How does a Mosquito spread Malaria?

Updated at: Jan 19, 2013
How does a Mosquito spread Malaria?

Malaria causes and Risks - Mosquitoes spread malaria with their bite. It is a known fact that the malaria parasite can live in the body of the anopheles mosquito for a long time.

Eesha Duggal
Blood DiseasesWritten by: Eesha DuggalPublished at: Jan 19, 2013

Malaria MosquitoMalaria, meaning bad air, was thought to be caused by bad air or bad water (as its meaning suggests). Presently the world is convinced that malaria is caused by infected female mosquitoes and not by any of the pre-conceived sources of the disease. Now when we know that it is the mosquito that is at fault, let us see how this little thing, whose bite is almost painless to the human senses, can cause high fevers and sometimes death as well.


How does a Mosquito spread Malaria?

When a malaria mosquito bites a person, the parasites are injected into the blood stream and are regulated to the other body parts, causing high malaria fever. Most of the times, these parasites die and digested with the blood itself. The problem is when it is the Anopheles mosquito that has bitten. It causes gametocytes in blood and these gametocytes develop into gametes. Only one of gametocycles can cause production of innumerable plasmodium sp. in the blood. The parasite travels through some stages of development. In female gamocytes, the nuclear material gets in motion and reaches the cell edge. In the case of males, the nucleus fraction takes place which produces six microgametes. All in all, it happens in fifteen minutes or less. Female gametes get fertilised by a microgamete and the fertilised cell is called Ookinete. It then circulates around the mosquito’s stomach and constant rounding makes it an Oocyst. Nuclear material splits repeatedly within the oocyst and produces hundred of sporozoites. Once it breaks out of the oocyst, it moves around and rests on the salivary gland of the tissue till the mosquito feeds again. Sporozoities linger around the blood stream for a few minutes before attacking the liver cells where they start multiplying once again. When symptoms of malaria arise in a person, the parasites start to circulate in the blood and are found in the RBCs, also called erythrocytes.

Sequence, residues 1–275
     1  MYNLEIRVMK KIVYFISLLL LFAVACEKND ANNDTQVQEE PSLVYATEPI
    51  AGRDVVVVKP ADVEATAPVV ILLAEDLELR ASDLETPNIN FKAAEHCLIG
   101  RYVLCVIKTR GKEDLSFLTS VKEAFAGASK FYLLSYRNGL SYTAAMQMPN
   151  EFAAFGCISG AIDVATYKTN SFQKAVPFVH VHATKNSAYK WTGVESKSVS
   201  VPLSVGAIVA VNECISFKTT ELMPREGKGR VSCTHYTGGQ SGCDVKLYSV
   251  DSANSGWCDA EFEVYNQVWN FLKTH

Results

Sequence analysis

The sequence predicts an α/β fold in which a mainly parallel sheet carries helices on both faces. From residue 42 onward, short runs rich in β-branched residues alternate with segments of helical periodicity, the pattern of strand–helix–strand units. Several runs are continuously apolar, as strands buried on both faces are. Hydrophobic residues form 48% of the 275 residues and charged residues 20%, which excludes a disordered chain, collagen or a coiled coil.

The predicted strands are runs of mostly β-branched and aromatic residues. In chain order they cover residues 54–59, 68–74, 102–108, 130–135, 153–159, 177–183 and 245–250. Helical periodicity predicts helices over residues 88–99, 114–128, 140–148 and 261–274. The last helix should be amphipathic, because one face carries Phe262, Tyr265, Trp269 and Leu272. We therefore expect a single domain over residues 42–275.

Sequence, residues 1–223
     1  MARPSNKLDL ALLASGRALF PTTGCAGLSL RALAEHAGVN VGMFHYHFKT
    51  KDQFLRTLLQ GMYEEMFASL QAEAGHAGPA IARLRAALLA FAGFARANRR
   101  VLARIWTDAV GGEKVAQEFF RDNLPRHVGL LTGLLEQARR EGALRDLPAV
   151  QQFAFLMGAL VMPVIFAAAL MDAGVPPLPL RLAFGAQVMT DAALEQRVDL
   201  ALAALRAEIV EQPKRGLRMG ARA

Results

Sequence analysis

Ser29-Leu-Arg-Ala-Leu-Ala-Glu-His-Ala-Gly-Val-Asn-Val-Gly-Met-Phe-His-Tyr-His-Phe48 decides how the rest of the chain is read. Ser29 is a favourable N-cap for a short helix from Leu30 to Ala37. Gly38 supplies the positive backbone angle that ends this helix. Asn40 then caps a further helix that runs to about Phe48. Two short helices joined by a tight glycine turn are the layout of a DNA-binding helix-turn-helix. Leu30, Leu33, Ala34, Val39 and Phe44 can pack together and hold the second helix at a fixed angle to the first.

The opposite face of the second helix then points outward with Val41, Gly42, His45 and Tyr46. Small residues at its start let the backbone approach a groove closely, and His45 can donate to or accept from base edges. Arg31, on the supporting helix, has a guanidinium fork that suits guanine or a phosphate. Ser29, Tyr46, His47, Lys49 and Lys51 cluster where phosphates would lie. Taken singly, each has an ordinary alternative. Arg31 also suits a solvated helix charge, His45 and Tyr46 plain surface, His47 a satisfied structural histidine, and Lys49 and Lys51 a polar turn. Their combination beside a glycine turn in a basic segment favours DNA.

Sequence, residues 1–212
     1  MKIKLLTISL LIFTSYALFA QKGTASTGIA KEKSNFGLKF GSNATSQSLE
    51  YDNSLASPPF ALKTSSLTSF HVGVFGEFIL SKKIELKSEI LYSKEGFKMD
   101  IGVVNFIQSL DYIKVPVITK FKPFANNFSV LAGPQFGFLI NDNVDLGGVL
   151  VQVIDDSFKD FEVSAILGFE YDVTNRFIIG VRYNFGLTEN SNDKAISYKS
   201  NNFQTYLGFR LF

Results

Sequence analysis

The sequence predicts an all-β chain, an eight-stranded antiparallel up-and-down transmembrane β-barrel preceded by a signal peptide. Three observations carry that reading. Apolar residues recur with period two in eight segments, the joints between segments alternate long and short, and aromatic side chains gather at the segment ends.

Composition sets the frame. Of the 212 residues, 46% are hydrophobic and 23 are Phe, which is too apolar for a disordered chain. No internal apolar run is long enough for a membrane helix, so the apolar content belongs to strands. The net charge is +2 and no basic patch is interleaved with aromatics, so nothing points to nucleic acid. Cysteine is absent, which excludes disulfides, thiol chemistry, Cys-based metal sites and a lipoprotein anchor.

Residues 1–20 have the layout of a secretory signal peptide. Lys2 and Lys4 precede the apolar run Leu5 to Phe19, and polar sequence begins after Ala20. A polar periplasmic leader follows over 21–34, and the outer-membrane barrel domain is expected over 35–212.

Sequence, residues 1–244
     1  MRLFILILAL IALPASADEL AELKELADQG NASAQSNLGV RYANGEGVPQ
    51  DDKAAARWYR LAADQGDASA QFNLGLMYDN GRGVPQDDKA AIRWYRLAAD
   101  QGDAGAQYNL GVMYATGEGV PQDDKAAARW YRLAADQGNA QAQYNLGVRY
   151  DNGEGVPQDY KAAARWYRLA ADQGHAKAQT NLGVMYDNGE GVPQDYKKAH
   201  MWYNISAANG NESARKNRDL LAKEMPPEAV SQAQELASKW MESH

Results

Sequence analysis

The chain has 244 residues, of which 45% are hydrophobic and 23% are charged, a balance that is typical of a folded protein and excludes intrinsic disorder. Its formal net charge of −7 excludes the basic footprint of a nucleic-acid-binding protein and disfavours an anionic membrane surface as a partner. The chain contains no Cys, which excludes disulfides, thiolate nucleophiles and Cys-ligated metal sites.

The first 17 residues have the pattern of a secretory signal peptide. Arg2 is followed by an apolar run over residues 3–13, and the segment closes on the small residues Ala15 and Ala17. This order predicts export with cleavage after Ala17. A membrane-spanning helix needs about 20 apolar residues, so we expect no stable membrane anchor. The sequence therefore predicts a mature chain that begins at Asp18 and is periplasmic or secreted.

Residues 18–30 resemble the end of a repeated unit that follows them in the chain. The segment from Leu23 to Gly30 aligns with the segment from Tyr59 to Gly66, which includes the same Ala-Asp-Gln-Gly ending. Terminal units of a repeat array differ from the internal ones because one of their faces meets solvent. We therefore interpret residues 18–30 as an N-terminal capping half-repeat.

Blood transfusions can also cause malaria to spread; by use of a syringe previously injected into a malaria infected person. But in most of the cases, Anopheles is the carrier of malaria.

It is a serious concern that malaria can go on to spread far and wide because when an Anopheles is contaminated with malaria, it stays within it for life and this infects all those that it bites. It is found that the malaria infected Anopheles mosquito has more appetite than an uninfected mosquito. This makes the potential spread of malaria obvious. And it is to be noted that only female mosquitoes cause malaria because male mosquitoes do not bite. Also, not all mosquitoes transmit malaria. Only those belonging to the anopheles species of mosquito clan have a role in the spread of the malaria parasite.

Even though malaria has taken its toll on some regions of the world, it has successfully been curbed in many countries. Its prevention is possible by keeping the environment in your vicinity clean and hygienic. Stagnant water is the perfect abode of the malaria mosquito. The best thing that we can do is to maintain a clean environment around us so as to avert the breeding of these mosquitoes.


Read more articles on Malaria




All possible measures have been taken to ensure accuracy, reliability, timeliness and authenticity of the information; however does not take any liability for the same. Using any information provided by the website is solely at the viewers’ discretion. In case of any medical exigencies/ persistent health issues, we advise you to seek a qualified medical practitioner before putting to use any advice/tips given by our team or any third party in form of answers/comments on the above mentioned website.

This website uses cookie or similar technologies, to enhance your browsing experience and provide personalised recommendations. By continuing to use our website, you agree to our Privacy Policy and Cookie Policy. OK